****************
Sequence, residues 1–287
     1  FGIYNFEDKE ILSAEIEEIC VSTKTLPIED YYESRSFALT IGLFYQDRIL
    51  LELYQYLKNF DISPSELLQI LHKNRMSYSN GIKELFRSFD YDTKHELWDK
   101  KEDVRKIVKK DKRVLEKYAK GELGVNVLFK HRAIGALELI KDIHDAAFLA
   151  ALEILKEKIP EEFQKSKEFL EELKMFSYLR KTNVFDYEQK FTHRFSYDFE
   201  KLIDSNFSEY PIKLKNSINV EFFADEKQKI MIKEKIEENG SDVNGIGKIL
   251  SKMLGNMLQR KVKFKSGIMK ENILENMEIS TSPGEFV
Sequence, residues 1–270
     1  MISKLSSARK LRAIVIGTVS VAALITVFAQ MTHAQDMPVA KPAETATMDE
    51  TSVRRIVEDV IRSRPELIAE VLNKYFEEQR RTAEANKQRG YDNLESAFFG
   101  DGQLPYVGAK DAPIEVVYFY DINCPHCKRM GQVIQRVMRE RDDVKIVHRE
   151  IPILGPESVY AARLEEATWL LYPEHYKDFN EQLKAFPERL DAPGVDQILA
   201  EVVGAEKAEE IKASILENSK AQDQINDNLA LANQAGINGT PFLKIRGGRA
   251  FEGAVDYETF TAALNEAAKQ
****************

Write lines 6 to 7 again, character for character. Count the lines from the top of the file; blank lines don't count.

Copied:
   201  KLIDSNFSEY PIKLKNSINV EFFADEKQKI MIKEKIEENG SDVNGIGKIL
   251  SKMLGNMLQR KVKFKSGIMK ENILENMEIS TSPGEFV